E.L Doctorow was often described as a writer of historical fiction, but he disliked that term and preferred to say that he was “an American novelist writing about my country.”
Last week, President Obama eulogized Doctorow, who died on July 21st, as “one of America’s greatest novelists.”
Doctorow penned a dozen novels, including such award-winning works as “Book of Daniel,”“Ragtime” and “Billy Bathgate,” each of which was adapted for film. He was awarded numerous literary awards beginning with the first of three National Book Critics Circle Awards in 1975 to his most recent Library of Congress Prize for American Fiction last year.
Doctorow was a New Yorker –- he was born in the Bronx in 1931, and lived in recent years in New Rochelle. His parents, second-generation Russian-Jewish Jews, while often financially strapped, provided young Edgar with a cultured and book-focused childhood — he was named after Edgar Allan Poe, his father’s favorite author. As Doctorow said in a 2008 interview, he became interested in writing at the Bronx High School of Science, where vying with other “very smart children…some quite insufferable…predicting in some cases correctly that they were gonna win the Nobel Prize in Physics… I fled down the hall to the literary magazine.”
At Kenyon College in Ohio, he majored in Philosophy. “I’ve always been interested in the major philosophical questions that don’t seem to have an answer that everyone agrees on,“ he told The Guardian last year. He studied drama for a year at Columbia University and was then drafted into the Army in Germany, where he married Helen Setzer, an aspiring actress he had met during his Columbia days.
After the Army, Doctorow became a reader for Columbia Pictures in New York. Westerns were very popular in those days and he wrote what he thought was a parody of them, although he had never been west of Ohio. The parody turned into “Welcome to Hard Times,” published to positive reviews in 1960.
In 1969, he left a publishing career to pursue writing full-time and in 1971, he completed “The Book of Daniel (1971). My own personal favorite out of Doctorow’s extensive opus, it is an account of Ethel and Julius Rosenberg, relayed through their fictionalized counterparts, Paul and Rochelle Isaacson and their children, Daniel and Susan. Written in four parts with Daniel as the principal narrator, the book shifts between time periods, from the Cold War years of the late 40s/early 50s to the revolutionary foment of the late 60s.It’s impossible not to get caught up in the book’s mixing of past and present; the questions of what is history and what is truth pervade both this book and those that followed. "We live in the past to an astonishing degree, the myths we live by, the presumptions we make," Doctorow commented. "Nobody can look in the mirror and not see his mother or father. So maybe there's not such a distinction to be made."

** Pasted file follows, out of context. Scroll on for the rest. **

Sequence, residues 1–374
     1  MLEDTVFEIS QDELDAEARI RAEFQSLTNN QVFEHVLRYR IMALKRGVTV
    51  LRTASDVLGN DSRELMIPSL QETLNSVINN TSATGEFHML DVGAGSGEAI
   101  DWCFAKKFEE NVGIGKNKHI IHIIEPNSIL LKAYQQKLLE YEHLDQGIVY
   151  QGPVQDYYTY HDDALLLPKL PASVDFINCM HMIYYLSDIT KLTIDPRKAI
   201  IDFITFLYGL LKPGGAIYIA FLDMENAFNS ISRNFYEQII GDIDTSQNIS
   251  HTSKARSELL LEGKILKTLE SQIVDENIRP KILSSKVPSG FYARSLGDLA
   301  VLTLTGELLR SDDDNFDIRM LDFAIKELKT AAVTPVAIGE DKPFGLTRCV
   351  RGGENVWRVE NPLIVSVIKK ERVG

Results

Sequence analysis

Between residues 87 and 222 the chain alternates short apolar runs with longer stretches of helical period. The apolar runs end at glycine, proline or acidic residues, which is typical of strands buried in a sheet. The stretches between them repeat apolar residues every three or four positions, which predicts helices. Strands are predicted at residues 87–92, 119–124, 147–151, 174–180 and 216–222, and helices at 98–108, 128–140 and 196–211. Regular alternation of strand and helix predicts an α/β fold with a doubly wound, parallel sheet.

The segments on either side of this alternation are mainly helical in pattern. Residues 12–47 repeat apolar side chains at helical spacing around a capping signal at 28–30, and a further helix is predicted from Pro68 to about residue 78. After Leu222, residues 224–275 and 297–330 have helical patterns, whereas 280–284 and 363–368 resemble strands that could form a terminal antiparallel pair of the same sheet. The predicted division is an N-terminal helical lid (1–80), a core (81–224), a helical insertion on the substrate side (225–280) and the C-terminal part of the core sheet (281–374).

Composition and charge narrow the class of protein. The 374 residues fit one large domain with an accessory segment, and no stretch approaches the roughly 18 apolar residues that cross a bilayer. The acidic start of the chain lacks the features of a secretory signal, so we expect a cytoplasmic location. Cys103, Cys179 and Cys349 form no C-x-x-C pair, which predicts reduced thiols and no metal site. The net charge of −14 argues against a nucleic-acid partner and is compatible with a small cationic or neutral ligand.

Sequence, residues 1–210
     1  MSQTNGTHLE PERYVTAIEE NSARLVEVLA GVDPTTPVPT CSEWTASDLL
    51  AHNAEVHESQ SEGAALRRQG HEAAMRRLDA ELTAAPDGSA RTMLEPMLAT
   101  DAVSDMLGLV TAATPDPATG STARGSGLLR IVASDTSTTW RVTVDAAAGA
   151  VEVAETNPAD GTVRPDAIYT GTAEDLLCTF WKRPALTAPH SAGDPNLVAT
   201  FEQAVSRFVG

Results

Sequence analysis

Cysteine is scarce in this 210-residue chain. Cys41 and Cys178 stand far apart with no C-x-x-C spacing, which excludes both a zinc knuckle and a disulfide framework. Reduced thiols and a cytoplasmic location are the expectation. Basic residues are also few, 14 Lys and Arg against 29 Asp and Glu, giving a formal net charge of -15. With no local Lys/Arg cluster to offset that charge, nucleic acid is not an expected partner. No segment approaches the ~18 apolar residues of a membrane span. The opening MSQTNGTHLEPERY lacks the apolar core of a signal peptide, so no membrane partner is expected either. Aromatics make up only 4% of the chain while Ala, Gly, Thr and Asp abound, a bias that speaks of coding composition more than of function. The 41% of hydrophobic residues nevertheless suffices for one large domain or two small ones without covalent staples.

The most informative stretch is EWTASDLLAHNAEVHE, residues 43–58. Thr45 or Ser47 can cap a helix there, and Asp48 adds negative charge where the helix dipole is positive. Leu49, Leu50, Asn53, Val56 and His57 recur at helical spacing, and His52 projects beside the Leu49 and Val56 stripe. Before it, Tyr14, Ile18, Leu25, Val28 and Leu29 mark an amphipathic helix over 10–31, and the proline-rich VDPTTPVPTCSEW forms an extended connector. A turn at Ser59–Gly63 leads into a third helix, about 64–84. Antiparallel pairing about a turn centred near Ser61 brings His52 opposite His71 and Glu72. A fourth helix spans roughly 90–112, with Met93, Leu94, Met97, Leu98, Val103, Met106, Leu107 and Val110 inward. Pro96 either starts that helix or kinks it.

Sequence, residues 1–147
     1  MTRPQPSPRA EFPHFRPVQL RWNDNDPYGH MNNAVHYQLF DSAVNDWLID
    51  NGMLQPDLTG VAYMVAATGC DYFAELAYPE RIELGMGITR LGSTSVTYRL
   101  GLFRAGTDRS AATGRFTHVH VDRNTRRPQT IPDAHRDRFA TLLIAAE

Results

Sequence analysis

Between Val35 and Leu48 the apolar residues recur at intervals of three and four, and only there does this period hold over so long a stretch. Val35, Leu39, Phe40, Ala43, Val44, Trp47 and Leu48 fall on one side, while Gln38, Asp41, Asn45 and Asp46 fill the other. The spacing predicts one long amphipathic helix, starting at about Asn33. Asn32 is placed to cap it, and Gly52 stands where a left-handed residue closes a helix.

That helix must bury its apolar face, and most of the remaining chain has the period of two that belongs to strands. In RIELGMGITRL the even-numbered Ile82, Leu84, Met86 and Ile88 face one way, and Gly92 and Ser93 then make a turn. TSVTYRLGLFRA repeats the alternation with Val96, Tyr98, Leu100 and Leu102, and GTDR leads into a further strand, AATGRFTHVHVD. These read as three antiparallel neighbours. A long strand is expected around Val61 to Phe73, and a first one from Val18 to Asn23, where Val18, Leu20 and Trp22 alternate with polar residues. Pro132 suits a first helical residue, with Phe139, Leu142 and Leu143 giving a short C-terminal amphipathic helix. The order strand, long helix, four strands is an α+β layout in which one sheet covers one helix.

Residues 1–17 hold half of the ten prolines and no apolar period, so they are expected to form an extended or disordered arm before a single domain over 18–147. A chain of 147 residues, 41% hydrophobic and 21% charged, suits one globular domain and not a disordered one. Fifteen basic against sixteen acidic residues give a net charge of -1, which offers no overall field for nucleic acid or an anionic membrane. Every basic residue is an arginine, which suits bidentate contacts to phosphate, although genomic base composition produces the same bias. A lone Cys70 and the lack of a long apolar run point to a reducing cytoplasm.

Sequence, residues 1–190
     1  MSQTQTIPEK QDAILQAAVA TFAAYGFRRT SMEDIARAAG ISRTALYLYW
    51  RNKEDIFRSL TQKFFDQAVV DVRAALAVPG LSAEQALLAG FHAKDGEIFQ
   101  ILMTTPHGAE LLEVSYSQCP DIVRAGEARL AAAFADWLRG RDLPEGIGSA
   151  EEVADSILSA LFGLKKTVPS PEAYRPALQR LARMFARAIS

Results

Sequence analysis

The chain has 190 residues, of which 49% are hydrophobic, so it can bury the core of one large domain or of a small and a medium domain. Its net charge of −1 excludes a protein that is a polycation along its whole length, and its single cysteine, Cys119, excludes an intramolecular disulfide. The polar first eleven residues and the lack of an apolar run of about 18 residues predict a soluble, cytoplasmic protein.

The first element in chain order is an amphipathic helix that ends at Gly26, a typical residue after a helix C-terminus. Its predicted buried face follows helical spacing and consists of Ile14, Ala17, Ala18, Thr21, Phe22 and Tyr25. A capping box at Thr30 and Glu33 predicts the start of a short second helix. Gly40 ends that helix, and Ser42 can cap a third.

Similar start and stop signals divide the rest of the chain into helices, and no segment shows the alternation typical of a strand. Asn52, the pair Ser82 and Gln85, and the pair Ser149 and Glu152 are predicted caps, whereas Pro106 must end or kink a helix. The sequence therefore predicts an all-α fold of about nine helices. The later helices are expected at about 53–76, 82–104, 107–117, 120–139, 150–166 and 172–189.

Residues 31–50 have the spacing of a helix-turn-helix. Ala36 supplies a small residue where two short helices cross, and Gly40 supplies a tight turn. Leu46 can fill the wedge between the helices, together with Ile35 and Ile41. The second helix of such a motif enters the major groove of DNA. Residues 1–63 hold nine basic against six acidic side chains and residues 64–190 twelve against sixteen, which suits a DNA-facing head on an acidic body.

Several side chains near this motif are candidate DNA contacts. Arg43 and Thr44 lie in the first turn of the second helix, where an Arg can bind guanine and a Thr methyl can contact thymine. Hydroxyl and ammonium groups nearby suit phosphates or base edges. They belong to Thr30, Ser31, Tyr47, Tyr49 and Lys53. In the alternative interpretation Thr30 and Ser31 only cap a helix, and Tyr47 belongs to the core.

Doctorow’s novels are notable for their mingling of historical characters with fictional ones. In “Ragtime” for instance, Sigmund Freud, Carl Jung, Houdini, Henry Ford and J.P. Morgan, Emma Goldman and Theodore Dreiser are woven seamlessly into the central story of the revenge of an immigrant peddler and a ragtime musician. Although he certainly didn’t focus primarily on Jewish themes or issues, and was not thus labeled as a “Jewish” writer, he often portrayed Jewish life as part of the backdrop for his many characters, both imagined and real.
“Billy Bathgate” takes its inspiration from one of those real characters, the notorious gangster Dutch Schultz, but goes on to tell the story of its fictional hero, a Depression-era Artful Dodger who becomes part of Schultz’s underworld gang. Once again, Doctorow transforms fact into fiction, blurring the lines between them. "We live in the past to an astonishing degree, the myths we live by, the presumptions we make," Mr. Doctorow said. "Nobody can look in the mirror and not see his mother or father. So maybe there's not such a distinction to be made."
Perhaps his most recurrent character, though, is the city of New York itself. Many a reviewer has noted that Doctorow’s novels, in each of their chronological settings, create a portrait of New York over the last century. "It's nothing I planned, of course," Mr. Doctorow said in an interview with The New York Times. "I thought I was writing about life. But in my mind, life and New York are the same."
Till the end, Doctorow kept thinking and writing about the ideas that interested him, most recently in “Andrew’s Brain,” published last year. In this novel, Doctorow takes the reader on a journey into the mind and voice of Andrew, who like so many of the author’s characters must respond “to the history of my times.” As we watch Andrew peel back the layers of his life story, we must question, as in so many of Doctorow’s works, the line between truth and history, memory and reality and about our own response to what’s between the lines. Doctorow’s writings provide us with a ready-made epitaph, the ultimate spinner of history and fiction.
Gloria Kestenbaum is a corporate communications consultant and freelance writer.